Measurement of body temperature by use of auricular thermometers versus rectal thermometers in dogs with otitis externa

A. Michelle González Veterinary Centers of America, Westerville East Animal Hospital, 6382 Sunbury Rd, Westerville, OH 43081.

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F. A. Mann Veterinary Medical Teaching Hospital, College of Veterinary Medicine, University of Missouri, Columbia, MO 65211.

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 DVM, MS, DACVS, DACVECC
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Diane E. Preziosi Department of Dermatology, School of Veterinary Medicine, University of Pennsylvania, Philadelphia, PA 19104-4192.

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Richard L. Meadows Veterinary Medical Teaching Hospital, College of Veterinary Medicine, University of Missouri, Columbia, MO 65211.

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Colette C. Wagner-Mann Veterinary Medical Teaching Hospital, College of Veterinary Medicine, University of Missouri, Columbia, MO 65211.

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 DVM, PhD

Abstract

Objective—To compare measurements of body temperature obtained with auricular thermometers versus rectal thermometers in dogs with otitis externa.

Design—Prospective study.

Animals—100 client-owned dogs: 50 with and 50 without clinical evidence of otitis externa.

Procedure—Dogs were evaluated for the presence of otitis externa on the basis of clinical signs, otoscopic examination, and cytologic evaluation of ear exudate. Auricular and rectal temperatures were obtained simultaneously in all dogs prior to and following ear examination.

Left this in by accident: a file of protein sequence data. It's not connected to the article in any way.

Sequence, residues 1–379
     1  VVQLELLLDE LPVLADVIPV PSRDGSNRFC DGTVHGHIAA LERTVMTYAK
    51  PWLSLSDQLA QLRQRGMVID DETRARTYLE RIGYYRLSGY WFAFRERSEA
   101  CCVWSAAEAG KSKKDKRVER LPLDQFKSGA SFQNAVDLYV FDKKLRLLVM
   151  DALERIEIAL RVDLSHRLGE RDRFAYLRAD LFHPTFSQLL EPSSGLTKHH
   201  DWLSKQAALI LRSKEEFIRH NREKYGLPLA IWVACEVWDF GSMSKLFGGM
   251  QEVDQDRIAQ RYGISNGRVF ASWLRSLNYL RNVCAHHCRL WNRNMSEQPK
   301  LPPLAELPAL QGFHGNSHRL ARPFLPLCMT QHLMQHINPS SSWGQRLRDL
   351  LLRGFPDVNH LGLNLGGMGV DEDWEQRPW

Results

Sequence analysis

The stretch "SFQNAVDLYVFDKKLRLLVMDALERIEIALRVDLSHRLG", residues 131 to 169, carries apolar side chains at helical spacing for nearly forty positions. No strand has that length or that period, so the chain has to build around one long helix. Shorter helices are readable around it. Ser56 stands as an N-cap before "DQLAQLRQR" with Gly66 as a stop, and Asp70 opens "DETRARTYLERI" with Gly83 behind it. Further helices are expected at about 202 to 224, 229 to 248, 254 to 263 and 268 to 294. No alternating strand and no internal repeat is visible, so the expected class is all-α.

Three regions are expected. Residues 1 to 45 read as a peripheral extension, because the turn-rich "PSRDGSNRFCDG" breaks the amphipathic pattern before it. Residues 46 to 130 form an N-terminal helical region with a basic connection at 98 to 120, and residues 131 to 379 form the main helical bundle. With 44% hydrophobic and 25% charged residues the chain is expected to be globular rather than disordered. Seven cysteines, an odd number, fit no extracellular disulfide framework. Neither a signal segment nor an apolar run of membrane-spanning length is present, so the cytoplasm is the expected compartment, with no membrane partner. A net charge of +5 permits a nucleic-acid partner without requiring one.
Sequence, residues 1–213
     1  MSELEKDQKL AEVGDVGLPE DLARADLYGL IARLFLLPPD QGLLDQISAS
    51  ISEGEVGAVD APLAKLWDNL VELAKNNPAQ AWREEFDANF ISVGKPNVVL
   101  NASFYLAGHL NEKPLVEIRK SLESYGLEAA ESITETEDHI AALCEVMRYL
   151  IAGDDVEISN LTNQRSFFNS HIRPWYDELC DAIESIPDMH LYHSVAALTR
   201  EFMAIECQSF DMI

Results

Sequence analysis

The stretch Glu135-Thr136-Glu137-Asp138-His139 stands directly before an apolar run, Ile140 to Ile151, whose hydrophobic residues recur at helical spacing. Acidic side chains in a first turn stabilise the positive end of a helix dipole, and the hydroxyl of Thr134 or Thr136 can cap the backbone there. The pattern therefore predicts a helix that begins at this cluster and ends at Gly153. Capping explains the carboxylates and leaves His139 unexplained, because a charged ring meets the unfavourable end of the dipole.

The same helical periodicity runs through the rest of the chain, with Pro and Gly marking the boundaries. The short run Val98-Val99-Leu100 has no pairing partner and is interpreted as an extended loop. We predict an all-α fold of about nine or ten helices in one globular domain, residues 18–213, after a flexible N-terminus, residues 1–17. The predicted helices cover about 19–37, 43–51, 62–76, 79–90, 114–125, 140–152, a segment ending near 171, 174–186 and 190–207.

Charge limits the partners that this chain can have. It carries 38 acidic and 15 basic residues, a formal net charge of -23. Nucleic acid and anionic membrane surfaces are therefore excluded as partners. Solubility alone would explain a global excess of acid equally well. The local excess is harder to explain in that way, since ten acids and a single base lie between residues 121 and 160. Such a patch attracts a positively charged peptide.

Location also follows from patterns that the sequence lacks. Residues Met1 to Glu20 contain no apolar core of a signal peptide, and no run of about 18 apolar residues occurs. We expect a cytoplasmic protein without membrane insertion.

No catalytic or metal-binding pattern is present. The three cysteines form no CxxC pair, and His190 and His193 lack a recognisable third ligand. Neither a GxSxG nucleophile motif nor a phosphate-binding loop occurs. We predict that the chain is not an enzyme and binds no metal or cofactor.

Results—There was a high correlation between auricular and rectal temperatures in dogs with otitis externa both prior to and after ear manipulation. Significant differences were not detected in temperature measurements among dogs with different degrees of otitis externa.

Conclusions and Clinical Relevance—Auricular temperature readings obtained by use of an auricular thermometer in dogs with otitis externa are accurate measurements of body temperature, compared with rectal temperature measurements. Temperature measurements are reliable before and after examination of the ear canal. (J Am Vet Med Assoc 2002; 221:378–380)

Abstract

Objective—To compare measurements of body temperature obtained with auricular thermometers versus rectal thermometers in dogs with otitis externa.

Design—Prospective study.

Animals—100 client-owned dogs: 50 with and 50 without clinical evidence of otitis externa.

Procedure—Dogs were evaluated for the presence of otitis externa on the basis of clinical signs, otoscopic examination, and cytologic evaluation of ear exudate. Auricular and rectal temperatures were obtained simultaneously in all dogs prior to and following ear examination.

Results—There was a high correlation between auricular and rectal temperatures in dogs with otitis externa both prior to and after ear manipulation. Significant differences were not detected in temperature measurements among dogs with different degrees of otitis externa.

Conclusions and Clinical Relevance—Auricular temperature readings obtained by use of an auricular thermometer in dogs with otitis externa are accurate measurements of body temperature, compared with rectal temperature measurements. Temperature measurements are reliable before and after examination of the ear canal. (J Am Vet Med Assoc 2002; 221:378–380)

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